Saturday, 8 November 2014

What Makes Me Happy

I awoke this morning looking out the window of my Mom's bedroom. While I am visiting and she is in hospital, I am staying in her room. Outside the window there is a chestnut tree, it's leaves a mix of mottled yellow-green, gold, and the deep red brown that marks the end of the season. The branches are half-bare, quivering in the light breeze not strong enough to shake the dying leaves free to fall to the ground. Beyond the tree, through the screen of partially clad branches, the sky is a steel blue stretching to the horizon beyond the houses across the street. Light, bright, white clouds drift from the west, heralding another weather system here on the coast of BC, another pattern of rain and wind that will be snow in the high country, making the roads slick and wet for my drive back to Calgary.

When I see things like this, my mind is forced from reverie to wondering. I ask myself if this is the last time I will see this scene, the last time I will witness the colour march here in the fall. For so many things I am compelled to ask myself if there will be another time, if I will see this scene, if I will smell these smells and feel this way. It is a melancholy that forces itself into so many places in my life.

There is a consistency of advice around me these days. "Do what makes you happy." "Look after yourself first." "Do what you want to do." After a lifetime of doing what I think others need or want me to do, focusing on what I want is difficult. In truth, the thing I want to do, the thing that has for many years made me happy, is the first thing I truly lost to ALS - my ability to skipper my own boat to the tiny harbours and inlets that string along this crumpled coast. It is the ultimate cruelty of my experience with ALS, that the things I have loved to do are the things that are lost to me.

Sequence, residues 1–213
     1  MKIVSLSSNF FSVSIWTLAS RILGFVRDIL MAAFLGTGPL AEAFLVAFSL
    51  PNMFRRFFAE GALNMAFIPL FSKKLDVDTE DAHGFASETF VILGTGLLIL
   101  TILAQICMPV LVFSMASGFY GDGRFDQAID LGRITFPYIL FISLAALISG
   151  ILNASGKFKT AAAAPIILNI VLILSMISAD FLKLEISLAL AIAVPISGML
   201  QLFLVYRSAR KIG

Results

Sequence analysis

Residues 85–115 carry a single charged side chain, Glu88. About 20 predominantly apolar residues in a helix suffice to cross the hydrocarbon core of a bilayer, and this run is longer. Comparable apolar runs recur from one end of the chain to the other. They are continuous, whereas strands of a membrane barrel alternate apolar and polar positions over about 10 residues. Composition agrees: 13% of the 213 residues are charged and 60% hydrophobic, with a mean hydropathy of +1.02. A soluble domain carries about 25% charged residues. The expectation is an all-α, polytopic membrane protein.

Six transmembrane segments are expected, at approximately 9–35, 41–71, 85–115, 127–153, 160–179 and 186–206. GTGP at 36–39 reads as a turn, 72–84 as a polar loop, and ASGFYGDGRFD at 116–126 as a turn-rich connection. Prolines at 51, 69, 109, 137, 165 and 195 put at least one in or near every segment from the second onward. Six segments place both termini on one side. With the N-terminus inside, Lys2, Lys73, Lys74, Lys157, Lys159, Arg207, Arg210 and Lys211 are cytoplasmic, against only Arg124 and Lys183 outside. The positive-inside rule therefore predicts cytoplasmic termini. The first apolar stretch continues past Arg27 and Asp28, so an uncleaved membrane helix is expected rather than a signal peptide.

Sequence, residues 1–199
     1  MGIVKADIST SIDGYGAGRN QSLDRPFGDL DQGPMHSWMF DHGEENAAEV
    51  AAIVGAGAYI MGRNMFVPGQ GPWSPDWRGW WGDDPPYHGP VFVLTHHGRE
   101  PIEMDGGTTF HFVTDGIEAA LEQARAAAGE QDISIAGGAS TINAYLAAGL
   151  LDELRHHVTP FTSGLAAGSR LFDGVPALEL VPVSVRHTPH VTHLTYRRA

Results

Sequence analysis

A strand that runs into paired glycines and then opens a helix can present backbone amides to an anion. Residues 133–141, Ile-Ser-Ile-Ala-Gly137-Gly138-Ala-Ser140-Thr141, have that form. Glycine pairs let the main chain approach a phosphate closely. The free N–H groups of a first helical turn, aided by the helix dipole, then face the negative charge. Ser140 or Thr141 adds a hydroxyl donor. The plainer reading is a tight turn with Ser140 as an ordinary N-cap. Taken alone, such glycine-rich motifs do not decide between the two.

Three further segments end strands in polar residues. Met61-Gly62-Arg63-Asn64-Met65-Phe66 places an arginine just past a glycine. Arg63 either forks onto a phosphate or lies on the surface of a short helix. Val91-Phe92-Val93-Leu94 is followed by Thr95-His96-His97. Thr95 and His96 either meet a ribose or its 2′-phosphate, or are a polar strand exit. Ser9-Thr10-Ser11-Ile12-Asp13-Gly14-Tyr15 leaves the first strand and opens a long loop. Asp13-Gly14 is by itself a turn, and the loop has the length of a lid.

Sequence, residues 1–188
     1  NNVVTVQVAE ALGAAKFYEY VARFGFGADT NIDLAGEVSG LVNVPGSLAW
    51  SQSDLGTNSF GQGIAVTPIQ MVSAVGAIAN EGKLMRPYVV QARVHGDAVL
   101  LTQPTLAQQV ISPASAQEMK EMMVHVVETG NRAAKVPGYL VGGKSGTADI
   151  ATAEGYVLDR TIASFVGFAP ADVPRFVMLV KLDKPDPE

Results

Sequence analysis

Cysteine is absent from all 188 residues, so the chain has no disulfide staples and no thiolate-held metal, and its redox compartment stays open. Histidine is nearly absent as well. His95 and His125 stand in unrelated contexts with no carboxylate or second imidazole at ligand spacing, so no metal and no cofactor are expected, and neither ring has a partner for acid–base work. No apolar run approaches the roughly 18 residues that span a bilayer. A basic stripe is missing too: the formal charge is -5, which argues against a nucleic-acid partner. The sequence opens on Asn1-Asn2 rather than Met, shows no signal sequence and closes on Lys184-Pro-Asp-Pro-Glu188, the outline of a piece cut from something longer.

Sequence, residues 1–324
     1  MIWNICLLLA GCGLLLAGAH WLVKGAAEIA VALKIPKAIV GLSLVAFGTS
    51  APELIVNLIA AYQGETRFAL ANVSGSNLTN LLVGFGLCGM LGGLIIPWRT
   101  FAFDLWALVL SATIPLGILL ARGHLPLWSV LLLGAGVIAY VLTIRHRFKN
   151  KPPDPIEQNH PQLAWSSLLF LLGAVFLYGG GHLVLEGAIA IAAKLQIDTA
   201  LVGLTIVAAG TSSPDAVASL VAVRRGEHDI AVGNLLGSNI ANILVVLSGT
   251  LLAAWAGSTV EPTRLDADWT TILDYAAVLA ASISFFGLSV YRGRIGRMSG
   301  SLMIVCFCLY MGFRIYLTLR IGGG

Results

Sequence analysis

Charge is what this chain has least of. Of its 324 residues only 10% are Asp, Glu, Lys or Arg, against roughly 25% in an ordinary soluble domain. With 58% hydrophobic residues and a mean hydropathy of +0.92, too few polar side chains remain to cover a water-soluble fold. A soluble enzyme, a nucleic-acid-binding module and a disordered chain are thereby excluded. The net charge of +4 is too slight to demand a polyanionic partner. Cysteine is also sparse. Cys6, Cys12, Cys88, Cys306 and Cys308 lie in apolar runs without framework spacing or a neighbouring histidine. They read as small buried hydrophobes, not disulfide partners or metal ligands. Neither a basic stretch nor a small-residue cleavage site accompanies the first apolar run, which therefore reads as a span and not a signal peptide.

I have, of a sort, supplanted the boat with my truck. I like to be on the move. I like to see new places, or see old places again through new eyes. I like the moving panoply alongside the highway, the constantly changing cavalcade of trees and mountains and lakes, the characters of men and beast completing the show as I move along. I am inconstant, unable to stay in one place permanently or even the shortest of time, constantly seeking the next curve of the road, the next horizon line. I need to move; that makes me happy. I have itchy feet.

Of course soon ALS will steal that from me too. Soon I will lose my freedom to move, in my truck and eventually even in myself. This eventually is not long in coming; it's halfway here. I am already in the grips of battle with the thing that will ultimately win out, ending my wanderlust in hospital bound entrapment. When that happens, my only wanderings will be in my mind.

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